·         Word count for this issue: 705

·         Approximate time to read: About 2.8 minutes@ 250 words per minute

 As anyone in business knows, good talent is hard to come by.  Finding effective managers, top sales associates and other highly skilled workers can take a lot of time and effort — and sometimes a little bit of luck. And retaining these top performers is often even harder.

71% Of U.S. Workers Are Not Engaged At Work (Even Yours).

Click here to read our Employee Engagement Study

 This alarming statistic came out of a recent study Dale Carnegie Training conducted of 1,500 workers that examined employee job satisfaction in the American workplace.  The study measured job satisfaction based on workers’ responses to specific engagement questions, including: 

·         I know what is expected of me at work.

·         I have the opportunity to do my best at work every day.

·         At work, my opinions count.

·         My supervisor cares about me as a person.

·         In the last week, I have received recognition or praise for doing my work well.

·         In the last six months, someone at work has talked to me about my progress.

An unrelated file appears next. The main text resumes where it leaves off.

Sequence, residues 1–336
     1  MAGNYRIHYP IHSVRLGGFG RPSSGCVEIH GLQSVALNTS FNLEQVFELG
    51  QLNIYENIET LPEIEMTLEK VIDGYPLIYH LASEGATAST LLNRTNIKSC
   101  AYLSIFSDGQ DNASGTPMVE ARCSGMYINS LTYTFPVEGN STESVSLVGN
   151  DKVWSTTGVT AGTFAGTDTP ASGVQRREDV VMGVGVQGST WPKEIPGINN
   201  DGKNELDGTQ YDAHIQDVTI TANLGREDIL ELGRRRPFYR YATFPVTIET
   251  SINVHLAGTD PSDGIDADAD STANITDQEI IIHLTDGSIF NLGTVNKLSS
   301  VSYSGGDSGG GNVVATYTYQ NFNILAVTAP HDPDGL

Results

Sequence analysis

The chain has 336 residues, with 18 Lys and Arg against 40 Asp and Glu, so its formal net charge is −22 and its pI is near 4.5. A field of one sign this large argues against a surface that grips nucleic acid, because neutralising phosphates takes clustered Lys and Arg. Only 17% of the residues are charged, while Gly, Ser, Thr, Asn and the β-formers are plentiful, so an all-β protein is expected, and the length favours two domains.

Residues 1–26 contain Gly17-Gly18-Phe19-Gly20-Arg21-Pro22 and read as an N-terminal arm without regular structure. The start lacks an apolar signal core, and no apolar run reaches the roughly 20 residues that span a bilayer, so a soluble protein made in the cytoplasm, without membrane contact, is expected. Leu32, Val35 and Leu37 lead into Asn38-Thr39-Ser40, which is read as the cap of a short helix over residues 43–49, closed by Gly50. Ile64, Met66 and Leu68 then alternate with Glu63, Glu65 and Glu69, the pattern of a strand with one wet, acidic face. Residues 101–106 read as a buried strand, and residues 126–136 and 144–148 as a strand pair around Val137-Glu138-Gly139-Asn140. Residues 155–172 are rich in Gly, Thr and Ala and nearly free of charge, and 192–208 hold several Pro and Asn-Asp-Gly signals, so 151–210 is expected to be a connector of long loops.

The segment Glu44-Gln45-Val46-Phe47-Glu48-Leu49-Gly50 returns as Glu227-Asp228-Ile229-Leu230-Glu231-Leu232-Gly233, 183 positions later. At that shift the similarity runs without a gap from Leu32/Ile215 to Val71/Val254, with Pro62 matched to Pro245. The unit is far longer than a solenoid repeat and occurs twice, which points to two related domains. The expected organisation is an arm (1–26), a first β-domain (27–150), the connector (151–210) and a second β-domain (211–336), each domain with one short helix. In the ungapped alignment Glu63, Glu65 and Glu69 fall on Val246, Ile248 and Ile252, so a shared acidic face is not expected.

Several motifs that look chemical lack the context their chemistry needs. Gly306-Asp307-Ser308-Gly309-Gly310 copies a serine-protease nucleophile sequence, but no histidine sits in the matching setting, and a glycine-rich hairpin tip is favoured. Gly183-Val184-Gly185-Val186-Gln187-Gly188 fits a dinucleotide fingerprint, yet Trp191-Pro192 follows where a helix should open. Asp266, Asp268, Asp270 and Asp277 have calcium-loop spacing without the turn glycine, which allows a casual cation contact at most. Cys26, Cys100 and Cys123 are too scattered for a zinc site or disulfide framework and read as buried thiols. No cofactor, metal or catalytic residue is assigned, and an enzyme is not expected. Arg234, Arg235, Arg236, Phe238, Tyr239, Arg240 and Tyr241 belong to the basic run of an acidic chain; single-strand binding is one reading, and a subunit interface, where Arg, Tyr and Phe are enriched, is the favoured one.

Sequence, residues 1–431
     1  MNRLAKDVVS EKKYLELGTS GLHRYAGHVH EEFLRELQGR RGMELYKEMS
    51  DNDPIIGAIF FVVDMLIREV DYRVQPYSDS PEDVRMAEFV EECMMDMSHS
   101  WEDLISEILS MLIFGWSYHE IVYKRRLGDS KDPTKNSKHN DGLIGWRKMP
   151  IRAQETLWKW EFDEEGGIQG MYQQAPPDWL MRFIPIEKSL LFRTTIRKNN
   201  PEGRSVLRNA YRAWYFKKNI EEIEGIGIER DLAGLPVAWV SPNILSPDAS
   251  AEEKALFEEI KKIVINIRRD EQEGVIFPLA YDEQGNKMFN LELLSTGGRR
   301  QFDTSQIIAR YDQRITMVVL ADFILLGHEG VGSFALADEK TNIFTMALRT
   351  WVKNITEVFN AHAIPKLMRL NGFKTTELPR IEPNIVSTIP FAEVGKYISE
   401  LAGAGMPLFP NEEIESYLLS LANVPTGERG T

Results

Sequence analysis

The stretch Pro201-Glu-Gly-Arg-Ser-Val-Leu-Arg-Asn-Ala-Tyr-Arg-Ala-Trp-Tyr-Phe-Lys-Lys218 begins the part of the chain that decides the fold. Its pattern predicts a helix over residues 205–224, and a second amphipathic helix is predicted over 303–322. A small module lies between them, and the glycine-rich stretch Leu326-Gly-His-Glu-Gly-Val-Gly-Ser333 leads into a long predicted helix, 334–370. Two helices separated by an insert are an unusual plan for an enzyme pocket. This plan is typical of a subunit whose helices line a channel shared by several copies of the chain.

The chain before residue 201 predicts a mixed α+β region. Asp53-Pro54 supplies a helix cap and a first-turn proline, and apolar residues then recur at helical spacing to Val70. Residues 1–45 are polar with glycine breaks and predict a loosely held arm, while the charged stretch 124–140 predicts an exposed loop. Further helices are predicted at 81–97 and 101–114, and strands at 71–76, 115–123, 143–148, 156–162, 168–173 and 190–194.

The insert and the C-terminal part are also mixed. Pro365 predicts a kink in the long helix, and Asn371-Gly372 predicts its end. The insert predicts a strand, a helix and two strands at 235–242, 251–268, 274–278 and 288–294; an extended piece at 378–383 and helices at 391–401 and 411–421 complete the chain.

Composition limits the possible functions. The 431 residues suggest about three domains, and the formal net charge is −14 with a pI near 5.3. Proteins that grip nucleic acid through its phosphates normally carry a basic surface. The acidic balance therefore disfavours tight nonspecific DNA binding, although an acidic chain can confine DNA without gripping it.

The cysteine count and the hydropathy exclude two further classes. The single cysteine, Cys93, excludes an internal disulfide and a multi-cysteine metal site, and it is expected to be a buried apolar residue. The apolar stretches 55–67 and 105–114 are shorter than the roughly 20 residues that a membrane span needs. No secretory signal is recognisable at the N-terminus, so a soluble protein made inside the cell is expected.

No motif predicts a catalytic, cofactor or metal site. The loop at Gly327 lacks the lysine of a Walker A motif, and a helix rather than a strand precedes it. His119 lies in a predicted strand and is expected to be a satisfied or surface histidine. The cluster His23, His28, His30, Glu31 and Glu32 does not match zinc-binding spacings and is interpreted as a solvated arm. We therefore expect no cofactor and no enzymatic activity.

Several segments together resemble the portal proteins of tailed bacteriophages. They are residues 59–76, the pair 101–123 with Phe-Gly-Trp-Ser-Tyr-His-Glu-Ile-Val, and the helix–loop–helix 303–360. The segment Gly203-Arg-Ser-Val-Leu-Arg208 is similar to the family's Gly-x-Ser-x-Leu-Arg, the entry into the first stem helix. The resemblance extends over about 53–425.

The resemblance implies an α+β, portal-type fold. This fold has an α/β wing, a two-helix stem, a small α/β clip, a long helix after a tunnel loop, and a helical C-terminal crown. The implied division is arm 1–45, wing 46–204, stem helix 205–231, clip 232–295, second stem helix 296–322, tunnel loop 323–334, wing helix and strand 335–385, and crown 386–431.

If asked these questions, how would your employees respond?  Not sure?  You may have reason for concern. Dissatisfied employees often go through the motions of their jobs.  This disengaged “sleep-walking” effect can greatly affect your company’s overall profitability.

 According to a Harvard Business report on employee engagement, a highly engaged workforce maximizes a company’s investment in human capital, improves productivity, and can significantly reduce costs, such as turnover, that directly impact the bottom line.

 Click here to read the full 

Harvard Business Review Report

7 Tips To Keep Your Employees Engaged:

 As your company focuses on sustaining future growth, it’s more important than ever to invest in your top employees.With that in mind, here are a few key tips for retaining your best employees for the long haul.

 1.  Clearly Define Your Expectations – Employees need a clear understanding of what is expected of them — both on a day-to-day and project-by-project basis.  The more clearly you define and communicate your expectations and goals, the more efficient and productive your employees will be.

 2.  Supply Employees With The Tools They Need – Just as employees need clearly defined goals, they also need the tools to reach these goals.  As technology evolves, do your employees have the resources they need to be as efficient and competitive as possible?

 3.  Allow Employees To Voice Their Opinions – Remember, you are a manager — not a dictator.  An open and ongoing dialog with your team can reap many benefits.  When you encourage employees to express their opinions, you foster an environment where they feel valued.  And you may also gain fresh perspectives that could lead to tangible results.